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Eighteenth-Century Studies 36.2 (2003) 266-269
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Outward Sign and Inward Condition:
Recent Studies in Physiognomy, Anthropometry, and Related Sciences
Lucy Hartley. Physiognomy and the Meaning of Expression in Nineteenth-Century Culture (Cambridge: Cambridge University Press. Cambridge Studies in Nineteenth-Century Literature and Culture, 2001). Pp. xii + 242. $55.00.
Miriam Claude Meijer. Race and Aesthetics in the Anthropology of Petrus Camper,1722-1789 (Amsterdam and Atlanta: Rodopi. Studies in the History of Ideas in the Low Countries, 1999). Pp. x + 251. $61.00.
Melissa Percival. The Appearance of Character: Physiognomy and Facial Expression in Eighteenth-Century France (London: W.S. Maney and Son, for the Modern Humanities Research Association, MHRA Texts and Dissertations, Vol. 47, 1999). Pp. iv + 218. $77.00.
Among the methods employed by writers attempting to explore and explain the unknown, one of the most attractive is analogy, the demonstration of likeness between familiar and unfamiliar. Today we tend to view analogy as a species of rhetorical artifice, but in the thought of ancient and early-modern European writers it often serves an important model of reality, as in the doctrine of correspondences. This "prescientific" principle, assuming universal coherence in the created world, allowed the discovery of patterns connecting external form and essence. In traditional herbal medicine, for instance, a plant with kidney-shaped leaves was understood to possess medicinal virtue for renal problems, and the shape of flower and root indicated the way the essence of the plant could affect the human constitution. By a similar turn of logic it was thought possible to discern in the face and form of people signs of their essential nature.
Aristotle—or rather one or more writers of the Aristotelian school—wrote in the third century B.C.E. that mental character is affected by bodily conditions, and conversely that the body is influenced by the affections of the soul. Over the ensuing centuries there have been many attempts to discover how these correspondences operate, most notably Polemon and Adamantius in the late classical period, Giovanni Battista della Porta in the sixteenth century, Charles Le Brun in the seventeenth century, and Johann Caspar Lavater in the eighteenth century. In the early modern era there was no shortage of other physiognomical works, many combined with such arcane disciplines as astrology, palmistry, metoposcopy, and chiromancy. Such associations were troublesome and even dangerous, in the light of religious prohibitions against fortune-telling, and so many physiognomists distanced themselves from prediction, focusing instead on diagnostics. And so the term fell into general use, as when Burke considered the correspondence of gentle and amiable inner qualities with the outward manifestation of beauty in the human [End Page 266] face, or when novelists referred to a certain cast of a character's face as an indication of his or her essential nature. Indeed, with the astonishing popular influence of Lavater's approach to physiognomy from the late eighteenth century onward for over a century, physiognomy became a key component in fiction and the visual arts, a field which has received abundant critical attention over the past thirty years.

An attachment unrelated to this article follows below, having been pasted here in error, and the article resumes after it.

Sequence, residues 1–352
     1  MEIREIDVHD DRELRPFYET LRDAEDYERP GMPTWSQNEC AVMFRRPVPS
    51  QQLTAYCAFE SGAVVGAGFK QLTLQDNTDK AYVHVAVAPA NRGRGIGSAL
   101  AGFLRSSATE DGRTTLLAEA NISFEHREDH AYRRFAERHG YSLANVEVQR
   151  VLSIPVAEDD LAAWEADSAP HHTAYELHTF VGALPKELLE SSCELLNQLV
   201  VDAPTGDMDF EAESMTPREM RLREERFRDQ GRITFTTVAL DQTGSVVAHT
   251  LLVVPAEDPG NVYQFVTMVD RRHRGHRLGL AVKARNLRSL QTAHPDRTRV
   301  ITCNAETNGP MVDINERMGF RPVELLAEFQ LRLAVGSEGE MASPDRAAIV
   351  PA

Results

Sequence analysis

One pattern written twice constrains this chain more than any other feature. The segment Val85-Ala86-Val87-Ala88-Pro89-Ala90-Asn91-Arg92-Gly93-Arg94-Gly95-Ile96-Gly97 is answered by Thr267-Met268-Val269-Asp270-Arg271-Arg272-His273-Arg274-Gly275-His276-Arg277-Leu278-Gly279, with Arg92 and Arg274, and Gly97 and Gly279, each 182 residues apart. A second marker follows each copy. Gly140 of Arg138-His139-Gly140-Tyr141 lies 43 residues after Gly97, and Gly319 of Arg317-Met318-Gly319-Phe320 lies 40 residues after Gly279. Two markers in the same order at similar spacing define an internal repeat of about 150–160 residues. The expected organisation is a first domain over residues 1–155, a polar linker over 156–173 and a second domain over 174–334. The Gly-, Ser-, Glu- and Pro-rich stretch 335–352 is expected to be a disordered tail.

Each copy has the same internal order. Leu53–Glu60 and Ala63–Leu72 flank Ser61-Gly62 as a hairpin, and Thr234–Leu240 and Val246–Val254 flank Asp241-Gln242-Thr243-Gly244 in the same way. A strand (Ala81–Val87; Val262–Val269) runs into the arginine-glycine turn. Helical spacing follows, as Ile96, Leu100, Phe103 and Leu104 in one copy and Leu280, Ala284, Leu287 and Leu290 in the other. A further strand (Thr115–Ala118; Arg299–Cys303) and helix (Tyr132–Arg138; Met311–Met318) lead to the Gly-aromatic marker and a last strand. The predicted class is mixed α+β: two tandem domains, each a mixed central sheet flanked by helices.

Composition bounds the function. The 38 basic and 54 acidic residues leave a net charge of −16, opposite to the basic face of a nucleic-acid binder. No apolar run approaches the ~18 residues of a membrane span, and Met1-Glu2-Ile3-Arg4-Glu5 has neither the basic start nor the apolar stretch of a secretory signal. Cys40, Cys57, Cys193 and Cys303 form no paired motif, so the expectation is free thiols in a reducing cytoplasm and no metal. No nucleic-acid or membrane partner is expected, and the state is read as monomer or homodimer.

Studies of consequent influence, or what Lucy Hartley calls "the uses of physiognomy as a hermeneutic praxis" (4), are an essential part of intellectual history, and yet until recently there has not been nearly as much critical work done on the history, logic, theory, and varying methods of the major exponents of physiognomy. Lavater, of course, has overshadowed earlier and contemporary theorists, so there has remained a much relatively unexplored territory. There is much to celebrate, therefore, in the publication of new studies that focus on the relation of face to essence in theories of expression in the visual arts, racial theory in early anthropology, and the physiology and psychology of expression.
Melissa Percival's study focuses on the aesthetics of representing the human face in the visual arts of eighteenth-century France, starting with a meticulous account of the influence of Charles Le Brun. His illustrations for the 1688 lecture Conférence sur l'expression générale...